Ravil Maganov, the chairman of Russia’s largest private oil company, was found dead after falling out of a hospital window, according to Russian media on Thursday.
The story behind Maganov’s death remains uncertain in the suspicious incident.
The chairman of the board of Russia’s largest private oil company, which criticized Russia’s military operation in Ukraine, has died. https://t.co/as8dWzDIrF
— USA TODAY (@USATODAY) September 2, 2022
“Lukoil was one of the few Russian companies to publicly censure Russia’s military operation in Ukraine, calling in March for the ‘immediate cessation of the armed conflict,'” USA Today reported.
“Maganov is the latest in a series of Russian businessmen, particularly in the energy industry, who have died unexpectedly in unclear circumstances this year,” the report added.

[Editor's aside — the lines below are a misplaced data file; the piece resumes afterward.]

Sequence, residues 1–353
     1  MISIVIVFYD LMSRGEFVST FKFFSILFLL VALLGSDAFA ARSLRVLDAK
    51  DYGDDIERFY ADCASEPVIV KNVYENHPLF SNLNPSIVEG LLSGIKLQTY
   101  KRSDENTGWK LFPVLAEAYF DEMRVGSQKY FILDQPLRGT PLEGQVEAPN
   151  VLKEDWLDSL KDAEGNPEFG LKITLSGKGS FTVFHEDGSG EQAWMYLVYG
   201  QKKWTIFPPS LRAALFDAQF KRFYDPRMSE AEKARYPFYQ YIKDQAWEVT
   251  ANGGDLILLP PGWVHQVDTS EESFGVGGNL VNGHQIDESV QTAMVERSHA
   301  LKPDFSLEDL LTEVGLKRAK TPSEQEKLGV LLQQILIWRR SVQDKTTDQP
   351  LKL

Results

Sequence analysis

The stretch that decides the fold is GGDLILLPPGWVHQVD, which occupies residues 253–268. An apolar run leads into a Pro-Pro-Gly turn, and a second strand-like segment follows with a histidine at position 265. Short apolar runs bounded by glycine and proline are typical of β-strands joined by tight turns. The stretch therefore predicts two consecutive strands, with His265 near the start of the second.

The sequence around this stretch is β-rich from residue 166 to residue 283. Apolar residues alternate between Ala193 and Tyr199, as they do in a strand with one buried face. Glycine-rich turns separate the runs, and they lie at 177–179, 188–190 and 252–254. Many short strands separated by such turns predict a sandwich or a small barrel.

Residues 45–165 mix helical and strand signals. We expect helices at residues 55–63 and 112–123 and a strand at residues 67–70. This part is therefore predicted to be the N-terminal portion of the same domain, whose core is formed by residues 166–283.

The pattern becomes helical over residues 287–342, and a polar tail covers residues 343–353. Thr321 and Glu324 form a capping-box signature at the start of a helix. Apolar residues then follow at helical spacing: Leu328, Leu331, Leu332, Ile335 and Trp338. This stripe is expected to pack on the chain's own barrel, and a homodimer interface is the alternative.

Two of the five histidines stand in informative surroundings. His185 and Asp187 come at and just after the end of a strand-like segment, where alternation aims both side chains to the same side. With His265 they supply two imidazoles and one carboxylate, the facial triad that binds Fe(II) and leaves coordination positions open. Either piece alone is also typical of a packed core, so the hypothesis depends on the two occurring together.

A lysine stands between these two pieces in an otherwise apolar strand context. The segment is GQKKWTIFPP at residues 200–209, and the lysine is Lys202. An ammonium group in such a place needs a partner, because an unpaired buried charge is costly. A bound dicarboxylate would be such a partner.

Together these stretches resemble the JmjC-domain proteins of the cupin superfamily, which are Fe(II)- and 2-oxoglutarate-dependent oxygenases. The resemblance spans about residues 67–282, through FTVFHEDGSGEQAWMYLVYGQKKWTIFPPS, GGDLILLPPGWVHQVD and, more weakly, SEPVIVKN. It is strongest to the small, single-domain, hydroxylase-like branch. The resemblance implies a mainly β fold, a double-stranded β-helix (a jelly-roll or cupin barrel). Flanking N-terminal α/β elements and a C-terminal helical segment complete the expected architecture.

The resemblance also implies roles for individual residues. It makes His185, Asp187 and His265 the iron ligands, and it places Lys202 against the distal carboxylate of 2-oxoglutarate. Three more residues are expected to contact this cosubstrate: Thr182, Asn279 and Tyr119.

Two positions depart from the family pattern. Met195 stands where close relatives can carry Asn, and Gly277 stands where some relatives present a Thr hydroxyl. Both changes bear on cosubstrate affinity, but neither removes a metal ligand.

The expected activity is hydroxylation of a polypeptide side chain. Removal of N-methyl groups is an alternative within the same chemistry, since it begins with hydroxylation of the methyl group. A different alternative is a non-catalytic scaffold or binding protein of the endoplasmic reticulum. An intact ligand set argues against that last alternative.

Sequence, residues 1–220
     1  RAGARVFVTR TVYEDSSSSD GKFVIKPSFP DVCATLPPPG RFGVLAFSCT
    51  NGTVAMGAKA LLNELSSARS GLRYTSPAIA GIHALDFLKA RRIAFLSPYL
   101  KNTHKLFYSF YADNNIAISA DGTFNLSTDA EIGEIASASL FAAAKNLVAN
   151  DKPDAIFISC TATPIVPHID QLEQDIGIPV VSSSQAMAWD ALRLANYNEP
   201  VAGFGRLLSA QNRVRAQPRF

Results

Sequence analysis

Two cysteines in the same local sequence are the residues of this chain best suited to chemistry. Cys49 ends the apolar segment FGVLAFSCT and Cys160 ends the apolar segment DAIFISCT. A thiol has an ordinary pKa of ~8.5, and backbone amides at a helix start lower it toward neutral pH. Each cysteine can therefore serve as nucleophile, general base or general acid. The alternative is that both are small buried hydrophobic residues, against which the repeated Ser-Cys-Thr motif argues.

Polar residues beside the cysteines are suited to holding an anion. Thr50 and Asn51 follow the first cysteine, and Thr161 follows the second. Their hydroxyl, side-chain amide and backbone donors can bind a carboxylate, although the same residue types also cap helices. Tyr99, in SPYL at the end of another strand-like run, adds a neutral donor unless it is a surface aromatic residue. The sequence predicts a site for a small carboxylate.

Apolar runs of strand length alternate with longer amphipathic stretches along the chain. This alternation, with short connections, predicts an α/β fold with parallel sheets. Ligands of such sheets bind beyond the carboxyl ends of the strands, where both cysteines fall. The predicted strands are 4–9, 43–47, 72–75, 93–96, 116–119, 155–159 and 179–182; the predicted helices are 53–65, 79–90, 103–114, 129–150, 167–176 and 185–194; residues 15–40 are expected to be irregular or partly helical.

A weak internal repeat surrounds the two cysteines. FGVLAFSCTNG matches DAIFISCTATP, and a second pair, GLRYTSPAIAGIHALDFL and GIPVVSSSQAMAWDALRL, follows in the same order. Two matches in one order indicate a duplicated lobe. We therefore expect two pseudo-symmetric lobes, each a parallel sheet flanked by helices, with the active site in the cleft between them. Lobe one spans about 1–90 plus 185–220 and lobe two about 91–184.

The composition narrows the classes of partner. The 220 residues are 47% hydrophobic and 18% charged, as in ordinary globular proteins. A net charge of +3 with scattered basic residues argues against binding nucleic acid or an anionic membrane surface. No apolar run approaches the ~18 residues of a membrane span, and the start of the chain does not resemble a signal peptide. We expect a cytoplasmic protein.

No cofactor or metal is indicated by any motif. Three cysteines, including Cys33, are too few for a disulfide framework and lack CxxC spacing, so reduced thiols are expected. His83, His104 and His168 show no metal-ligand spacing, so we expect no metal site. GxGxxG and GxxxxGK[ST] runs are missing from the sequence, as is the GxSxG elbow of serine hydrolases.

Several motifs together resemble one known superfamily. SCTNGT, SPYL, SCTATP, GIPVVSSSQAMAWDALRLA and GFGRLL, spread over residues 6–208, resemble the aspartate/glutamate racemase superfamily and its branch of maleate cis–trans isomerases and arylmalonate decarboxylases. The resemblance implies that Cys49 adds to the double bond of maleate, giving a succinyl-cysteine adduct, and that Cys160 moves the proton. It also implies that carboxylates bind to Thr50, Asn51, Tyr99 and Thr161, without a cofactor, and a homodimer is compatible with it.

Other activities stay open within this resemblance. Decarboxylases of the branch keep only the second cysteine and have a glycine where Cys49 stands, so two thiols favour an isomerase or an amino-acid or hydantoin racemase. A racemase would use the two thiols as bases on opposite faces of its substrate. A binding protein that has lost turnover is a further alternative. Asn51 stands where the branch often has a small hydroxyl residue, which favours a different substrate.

Top Russian oil executive Ravil Maganov – who criticised the invasion of Ukraine – is the latest high-profile business figure to die under suspicious circumstances since the war began.https://t.co/kZ03qXHSca
— Sky News Australia (@SkyNewsAust) September 1, 2022
“We deeply regret to announce that Ravil Maganov, Chairman of PJSC LUKOIL Board of Directors, passed away following a severe illness,” Lukoil released in a statement regarding its chairman’s death.
“Ravil Maganov immensely contributed to the development of not only the company, but of the entire Russian oil and gas sector,” it added.
His family has been highly influential in Russia’s energy production and politics.
“Top Russian oil official falls to death from hospital window – sources” – https://t.co/3cbEcbOXHr
— Craig Rozniecki (@CraigRozniecki) September 1, 2022
“Maganov had worked in Lukoil since 1993, shortly after the company’s inception, and had overseen its refining, production and exploration, becoming chairman in 2020. His brother Nail is the head of mid-sized Russian oil producer Tatneft,” Reuters reported.
His suspicious death further complicates the situation for Russian President Vladimir Putin as he continues his invasion of Ukraine after more than six months.